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Trauma-informed Community

"The point to be made is that the attempt to co-create a new world - a quest that animates today's countercultural movements - is really about the stories we tell. When we change the story, we change reality. We thus need a politics of disruption, a 'program' of disorientation...a magic trick. We need to lose our way in the wild and dense forests of despair and confusion long enough to unlearn old ways of seeing. It is the debris of our fallen structures and broken foundations that provide us the material we can use to construct new continents of peace and shared wealth." 

Adebayo C. Akomolafe, Nigeria



The leading edge of community peace-building is to re-frame the process as a public health challenge, or to become a "trauma-informed community." These two key questions will help guide our next steps:

  1. To what extent do social services in Eugene attempt to understand and heal not only the past traumatic experiences of the people they serve but also the trauma history of the service provider?
  2. What capacity exists among the wounded, disenfranchised peoples within Eugene to unite into a self-healing community?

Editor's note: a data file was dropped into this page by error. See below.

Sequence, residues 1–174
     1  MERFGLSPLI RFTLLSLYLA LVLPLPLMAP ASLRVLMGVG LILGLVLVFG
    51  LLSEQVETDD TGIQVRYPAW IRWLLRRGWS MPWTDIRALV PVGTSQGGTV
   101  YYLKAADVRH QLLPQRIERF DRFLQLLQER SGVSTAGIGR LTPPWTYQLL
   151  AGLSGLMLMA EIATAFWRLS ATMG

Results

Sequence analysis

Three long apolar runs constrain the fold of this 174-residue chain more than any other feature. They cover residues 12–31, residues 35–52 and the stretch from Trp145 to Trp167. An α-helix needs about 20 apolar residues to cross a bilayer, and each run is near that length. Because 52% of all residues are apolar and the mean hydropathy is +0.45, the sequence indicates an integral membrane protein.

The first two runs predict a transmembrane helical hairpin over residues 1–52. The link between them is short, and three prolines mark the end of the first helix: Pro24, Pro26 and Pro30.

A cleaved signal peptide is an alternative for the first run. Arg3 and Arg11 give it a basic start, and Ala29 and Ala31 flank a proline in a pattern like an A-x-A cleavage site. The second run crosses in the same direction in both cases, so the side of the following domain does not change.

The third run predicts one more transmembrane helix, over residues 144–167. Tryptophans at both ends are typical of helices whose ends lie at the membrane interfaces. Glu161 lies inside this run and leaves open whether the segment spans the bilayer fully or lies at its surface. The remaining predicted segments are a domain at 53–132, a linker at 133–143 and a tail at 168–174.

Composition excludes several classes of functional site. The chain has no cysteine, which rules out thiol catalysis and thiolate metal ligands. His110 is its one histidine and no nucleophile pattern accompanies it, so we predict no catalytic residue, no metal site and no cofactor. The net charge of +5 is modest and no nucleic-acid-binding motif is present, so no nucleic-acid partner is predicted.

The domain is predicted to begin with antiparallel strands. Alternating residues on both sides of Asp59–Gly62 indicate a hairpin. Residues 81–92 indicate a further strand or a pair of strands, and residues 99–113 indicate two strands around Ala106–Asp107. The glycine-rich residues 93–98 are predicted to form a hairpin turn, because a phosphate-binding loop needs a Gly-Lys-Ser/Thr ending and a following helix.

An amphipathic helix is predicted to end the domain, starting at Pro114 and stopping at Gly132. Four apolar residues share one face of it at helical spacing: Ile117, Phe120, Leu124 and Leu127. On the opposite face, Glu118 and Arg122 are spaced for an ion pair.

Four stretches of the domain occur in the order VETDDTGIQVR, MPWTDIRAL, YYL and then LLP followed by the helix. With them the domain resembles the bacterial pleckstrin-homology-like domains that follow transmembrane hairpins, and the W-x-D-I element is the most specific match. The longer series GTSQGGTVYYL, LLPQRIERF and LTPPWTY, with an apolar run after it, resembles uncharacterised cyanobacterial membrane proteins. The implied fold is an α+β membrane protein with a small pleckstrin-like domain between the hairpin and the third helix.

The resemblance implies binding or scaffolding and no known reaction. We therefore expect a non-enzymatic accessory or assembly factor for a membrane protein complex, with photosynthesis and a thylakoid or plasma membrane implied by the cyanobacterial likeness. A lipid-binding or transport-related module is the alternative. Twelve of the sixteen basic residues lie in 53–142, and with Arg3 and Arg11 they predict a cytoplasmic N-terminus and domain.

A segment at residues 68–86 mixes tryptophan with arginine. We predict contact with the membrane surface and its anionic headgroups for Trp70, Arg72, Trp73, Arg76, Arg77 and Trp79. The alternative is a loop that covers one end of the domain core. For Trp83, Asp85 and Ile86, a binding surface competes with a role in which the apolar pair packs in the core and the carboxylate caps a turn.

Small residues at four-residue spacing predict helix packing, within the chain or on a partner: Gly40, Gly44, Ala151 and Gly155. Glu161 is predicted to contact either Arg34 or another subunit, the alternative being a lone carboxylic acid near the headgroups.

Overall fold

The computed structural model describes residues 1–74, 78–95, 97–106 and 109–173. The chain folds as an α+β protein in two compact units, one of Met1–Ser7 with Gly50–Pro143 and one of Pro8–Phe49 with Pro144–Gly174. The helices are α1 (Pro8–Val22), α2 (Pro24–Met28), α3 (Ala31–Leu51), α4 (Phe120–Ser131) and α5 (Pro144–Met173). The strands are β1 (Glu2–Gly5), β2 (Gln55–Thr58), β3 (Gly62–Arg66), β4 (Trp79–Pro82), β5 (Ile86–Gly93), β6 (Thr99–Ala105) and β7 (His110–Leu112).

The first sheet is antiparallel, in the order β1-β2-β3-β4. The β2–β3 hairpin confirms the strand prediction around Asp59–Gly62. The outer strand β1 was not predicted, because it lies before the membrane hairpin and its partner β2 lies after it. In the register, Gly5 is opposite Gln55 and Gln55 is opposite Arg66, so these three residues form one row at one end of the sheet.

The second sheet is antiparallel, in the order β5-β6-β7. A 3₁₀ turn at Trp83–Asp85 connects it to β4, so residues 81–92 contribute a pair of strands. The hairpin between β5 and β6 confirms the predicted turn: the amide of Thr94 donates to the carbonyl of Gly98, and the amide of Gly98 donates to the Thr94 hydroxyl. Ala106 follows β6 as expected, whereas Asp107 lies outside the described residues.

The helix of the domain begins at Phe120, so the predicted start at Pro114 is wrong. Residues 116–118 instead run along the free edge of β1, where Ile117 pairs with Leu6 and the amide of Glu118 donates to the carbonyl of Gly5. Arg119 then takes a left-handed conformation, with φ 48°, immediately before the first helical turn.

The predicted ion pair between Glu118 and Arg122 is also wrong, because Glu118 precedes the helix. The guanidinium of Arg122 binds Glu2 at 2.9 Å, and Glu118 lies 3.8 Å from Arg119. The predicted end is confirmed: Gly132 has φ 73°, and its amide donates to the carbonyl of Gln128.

ASK, "WHAT HAS HAPPENED TO YOU?"

Perhaps first ask "What has happened to me?" Have I ever experienced trauma, despair, hopelessness? Can I empathize with other people's trauma? "Traumatic experiences can be dehumanizing, shocking or terrifying, singular or multiple compounding events over time, and often include betrayal of a trusted person or institution and a loss of safety. Trauma can result from experiences of violence. Trauma includes physical, sexual and institutional abuse, neglect, intergenerational trauma, and disasters that induce powerlessness, fear, recurrent hopelessness, and a constant state of alert. Trauma impacts one's spirituality and relationships with self, others, communities and environment, often resulting in recurring feelings of shame, guilt, rage, isolation, and disconnection. Healing is possible. The National Center for Trauma-Informed Care seeks to change the paradigm from one that asks, 'What's wrong with you?' to one that asks, 'What has happened to you?' "

A stunning 41% of Oregon families do not earn enough to pay for healthy food, safe housing, or a financial safety net. The ones we label as "homeless" are Internally Displaced Persons seeking refuge from multiple wounds and traumas, yet our dominant mind-set classifies and stereotypes them as inferior human beings. The homeless people in our midst are refugees from a host of causes including: misguided policies toward the mentally ill, lack of affordable day care, a shift to minimum, non-living-wage jobs, class prejudice, and other economic and environmental disasters. They could teach us a thing or two about survival under the worst of circumstances, about keeping hope alive when all of it is being swept away by corporations, governments, bad weather, and prejudice which is beyond their power to control. About forming bonds of brotherhood among strangers, about social agreements and self-governance.